The Two Probable Causes Of Back Pain
Cases of back pain, leg pain, and nerve pain continue to grow each year. About 1 in 2 Americans are expected to have some back or nerve pain in a lifetime. When doctors assess back pain, the terms sciatica and spinal stenosis often pop up. Here are all the things a patient needs to know if a doctor mentions one or both of these issues.
Sciatica gets on your nerves
Feeling some chronic, niggling nerve pain in the leg lately? This is a visible sign of sciatica. Sciatica occurs when there is something, like a bone or disc, pressing on the sciatic nerve. Passing through the spinal column are nerves that extend to different parts of the body. The sciatic nerves are the two thickest and longest nerves in the body. Each starts from the base of the spine. The nerves then branch off to each side of the buttocks and down each leg. On some occasions, a slipped disc or compressed bone can rest on the sciatic nerve.
Understanding sciatica symptoms
Persons with sciatica will feel pain, numbness, or tingling that starts in the lower back. This pain then moves to the hip, buttocks, and down the one leg. In severe cases, the person will feel weakness in the leg. Standing, sitting, or walking becomes painful. Anyone with these symptoms should see a doctor immediately.
Running out of space with spinal stenosis
Spinal stenosis happens when nerve roots become pinched due to a loss of space in the spinal canal. While this can occur anywhere on the spine, the condition mostly occurs in the lumbar region. Osteoarthritis or wear and tear on the bones of the spine is the main trigger of spinal stenosis. Wear and tear can cause bulging discs and bone spurs. These all can restrict the pathway for passing nerves.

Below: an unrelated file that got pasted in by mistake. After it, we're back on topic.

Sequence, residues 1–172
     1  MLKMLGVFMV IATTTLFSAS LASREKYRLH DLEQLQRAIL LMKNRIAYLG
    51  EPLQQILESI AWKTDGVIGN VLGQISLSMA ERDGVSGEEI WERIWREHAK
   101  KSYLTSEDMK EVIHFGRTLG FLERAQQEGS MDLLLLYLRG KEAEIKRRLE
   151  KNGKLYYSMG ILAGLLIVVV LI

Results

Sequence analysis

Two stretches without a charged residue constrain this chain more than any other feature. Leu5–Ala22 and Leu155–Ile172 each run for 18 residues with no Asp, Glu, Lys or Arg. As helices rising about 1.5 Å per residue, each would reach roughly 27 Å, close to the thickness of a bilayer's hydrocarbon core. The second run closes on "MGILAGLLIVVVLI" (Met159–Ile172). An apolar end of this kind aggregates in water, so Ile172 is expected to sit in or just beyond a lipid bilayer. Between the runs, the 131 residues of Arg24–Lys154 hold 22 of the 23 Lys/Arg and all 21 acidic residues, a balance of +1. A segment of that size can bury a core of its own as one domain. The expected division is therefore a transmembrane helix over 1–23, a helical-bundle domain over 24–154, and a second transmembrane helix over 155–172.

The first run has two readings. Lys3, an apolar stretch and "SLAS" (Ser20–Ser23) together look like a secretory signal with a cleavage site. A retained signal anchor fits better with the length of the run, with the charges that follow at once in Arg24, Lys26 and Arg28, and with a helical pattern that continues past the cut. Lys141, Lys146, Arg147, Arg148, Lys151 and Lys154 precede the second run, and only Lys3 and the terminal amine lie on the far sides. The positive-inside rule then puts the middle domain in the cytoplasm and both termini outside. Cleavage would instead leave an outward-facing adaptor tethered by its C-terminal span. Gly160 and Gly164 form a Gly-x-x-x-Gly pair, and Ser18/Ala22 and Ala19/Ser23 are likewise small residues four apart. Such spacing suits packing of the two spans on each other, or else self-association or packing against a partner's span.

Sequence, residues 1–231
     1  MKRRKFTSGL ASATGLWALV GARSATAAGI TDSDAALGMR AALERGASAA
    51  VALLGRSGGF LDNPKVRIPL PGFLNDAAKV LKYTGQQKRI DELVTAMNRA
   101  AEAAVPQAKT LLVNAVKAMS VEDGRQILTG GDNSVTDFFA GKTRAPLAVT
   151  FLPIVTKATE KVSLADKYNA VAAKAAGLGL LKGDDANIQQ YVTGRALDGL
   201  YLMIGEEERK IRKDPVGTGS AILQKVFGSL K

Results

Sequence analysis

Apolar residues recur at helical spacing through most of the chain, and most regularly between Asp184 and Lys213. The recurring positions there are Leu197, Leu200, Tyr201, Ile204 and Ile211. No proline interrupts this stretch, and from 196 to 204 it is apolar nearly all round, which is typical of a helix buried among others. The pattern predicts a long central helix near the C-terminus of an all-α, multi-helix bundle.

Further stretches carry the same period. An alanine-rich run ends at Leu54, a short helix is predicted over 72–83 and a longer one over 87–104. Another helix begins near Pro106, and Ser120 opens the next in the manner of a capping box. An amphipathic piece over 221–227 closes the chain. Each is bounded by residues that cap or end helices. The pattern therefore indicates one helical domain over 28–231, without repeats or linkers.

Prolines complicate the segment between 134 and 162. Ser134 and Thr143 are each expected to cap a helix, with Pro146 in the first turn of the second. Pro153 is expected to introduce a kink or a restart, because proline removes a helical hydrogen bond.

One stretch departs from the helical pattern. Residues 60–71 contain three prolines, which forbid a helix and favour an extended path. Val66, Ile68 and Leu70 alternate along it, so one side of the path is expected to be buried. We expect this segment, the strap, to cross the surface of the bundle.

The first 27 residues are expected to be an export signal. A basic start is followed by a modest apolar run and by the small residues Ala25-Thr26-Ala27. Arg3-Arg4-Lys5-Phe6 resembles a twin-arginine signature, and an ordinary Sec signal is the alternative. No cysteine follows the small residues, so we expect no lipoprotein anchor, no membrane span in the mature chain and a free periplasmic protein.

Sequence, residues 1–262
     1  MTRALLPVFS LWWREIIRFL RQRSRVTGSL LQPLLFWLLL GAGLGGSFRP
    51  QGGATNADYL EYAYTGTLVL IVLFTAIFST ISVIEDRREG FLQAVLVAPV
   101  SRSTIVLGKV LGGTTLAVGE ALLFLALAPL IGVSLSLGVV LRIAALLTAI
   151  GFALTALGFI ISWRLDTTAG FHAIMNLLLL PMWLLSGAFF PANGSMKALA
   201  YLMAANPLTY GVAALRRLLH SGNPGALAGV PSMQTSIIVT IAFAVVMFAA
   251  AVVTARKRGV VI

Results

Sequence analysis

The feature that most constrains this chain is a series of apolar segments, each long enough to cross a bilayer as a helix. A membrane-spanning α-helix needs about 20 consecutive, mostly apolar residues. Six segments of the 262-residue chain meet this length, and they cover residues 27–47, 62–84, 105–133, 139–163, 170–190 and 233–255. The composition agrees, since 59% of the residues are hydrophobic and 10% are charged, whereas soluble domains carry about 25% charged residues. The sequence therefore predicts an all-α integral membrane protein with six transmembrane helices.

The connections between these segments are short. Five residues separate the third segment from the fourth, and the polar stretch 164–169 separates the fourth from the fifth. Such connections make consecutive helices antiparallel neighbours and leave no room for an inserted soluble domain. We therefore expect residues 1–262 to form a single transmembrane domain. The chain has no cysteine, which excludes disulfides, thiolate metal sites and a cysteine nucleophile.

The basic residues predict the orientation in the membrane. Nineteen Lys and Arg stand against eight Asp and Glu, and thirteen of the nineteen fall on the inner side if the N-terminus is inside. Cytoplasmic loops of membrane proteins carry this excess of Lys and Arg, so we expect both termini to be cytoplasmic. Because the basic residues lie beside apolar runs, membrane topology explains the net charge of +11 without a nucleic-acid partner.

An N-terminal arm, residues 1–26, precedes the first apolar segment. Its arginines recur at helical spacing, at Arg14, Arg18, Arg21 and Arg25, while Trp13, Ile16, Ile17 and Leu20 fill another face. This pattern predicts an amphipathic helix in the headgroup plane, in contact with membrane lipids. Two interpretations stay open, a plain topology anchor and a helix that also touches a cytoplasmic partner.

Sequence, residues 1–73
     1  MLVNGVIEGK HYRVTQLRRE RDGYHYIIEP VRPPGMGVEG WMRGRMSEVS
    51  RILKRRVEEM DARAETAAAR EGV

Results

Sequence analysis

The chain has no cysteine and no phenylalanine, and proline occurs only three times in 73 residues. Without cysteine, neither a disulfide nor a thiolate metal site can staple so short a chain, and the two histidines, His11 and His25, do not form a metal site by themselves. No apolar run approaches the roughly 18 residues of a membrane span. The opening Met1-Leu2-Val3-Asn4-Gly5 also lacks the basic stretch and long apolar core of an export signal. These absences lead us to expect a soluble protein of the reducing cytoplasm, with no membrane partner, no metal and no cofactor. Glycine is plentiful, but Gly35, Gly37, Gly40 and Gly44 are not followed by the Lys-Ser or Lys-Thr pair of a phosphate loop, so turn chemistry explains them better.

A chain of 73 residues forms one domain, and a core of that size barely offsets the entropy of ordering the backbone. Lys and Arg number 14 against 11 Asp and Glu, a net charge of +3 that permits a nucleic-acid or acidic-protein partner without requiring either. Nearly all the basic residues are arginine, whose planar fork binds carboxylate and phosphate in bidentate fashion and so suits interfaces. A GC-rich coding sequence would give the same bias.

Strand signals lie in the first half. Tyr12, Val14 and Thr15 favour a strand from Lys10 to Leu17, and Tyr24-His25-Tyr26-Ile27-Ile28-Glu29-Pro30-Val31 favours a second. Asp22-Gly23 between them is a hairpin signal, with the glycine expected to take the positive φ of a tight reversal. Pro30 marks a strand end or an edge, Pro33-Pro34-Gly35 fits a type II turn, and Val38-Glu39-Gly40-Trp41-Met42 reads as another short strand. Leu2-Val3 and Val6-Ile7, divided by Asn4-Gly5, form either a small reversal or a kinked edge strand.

Do spinal stenosis symptoms seem familiar?
Spinal stenosis causes pain, irritation, and inflammation. Spinal stenosis often happens in older persons due to wear and tear. However, some persons born with smaller spinal canals may experience stenosis earlier. Persons will feel this pain in the lower back, buttocks, and leg. The pain becomes especially unbearable when walking and standing. Do these symptoms sound similar to sciatica? That’s because spinal stenosis causes sciatic pain. Sciatica is, therefore, a symptom or sign of an issue like spinal stenosis.
One treatment to tackle two issues
Spinal stenosis and sciatica have similar treatment options. Rest and pain medication, for instance, can help mild cases of pain. Doctors also suggest hot and cold therapy and physical therapy. These treatments, along with improved diet and exercise, can help with sciatica and spinal stenosis. If conventional treatments fail, a specialist then tries a spinal injection. These shots contain steroids that can last up to 6 months. Other suggested treatment options include acupuncture or chiropractic care. The doctor will exhaust non-surgical treatments first. If the pain persists, then surgery is the best option.
Turning to surgery
Consider surgery if the pain damages the quality of life and other treatments fail. Based on the source of the spinal stenosis or sciatica, the surgeon will choose the right surgical procedure. If the problem is a herniated disc, the surgeon will perform a microdiscectomy. This procedure seeks to remove a part of the damaged disc, freeing up space for the nerves. If the issue is due to wear and tear or bone spurs, some bone may be removed. For example, the surgeon can perform a laminectomy to remove some or all of the lamina bone. Bone spurs and damaged joints get removed via a foraminotomy or a facetectomy. Surgical procedures are very effective, with a high success rate.
Treat both issues today
Pain from sciatica and spinal stenosis can put a damper on the quality of life. If a doctor confirms sciatica, chances are there is a deeper spinal issue at play. This could be spinal stenosis, as the symptoms are quite similar. Speak with a doctor about treatment options. Based on the problem, the doctor will help identify what needs to be done to relieve pain for good.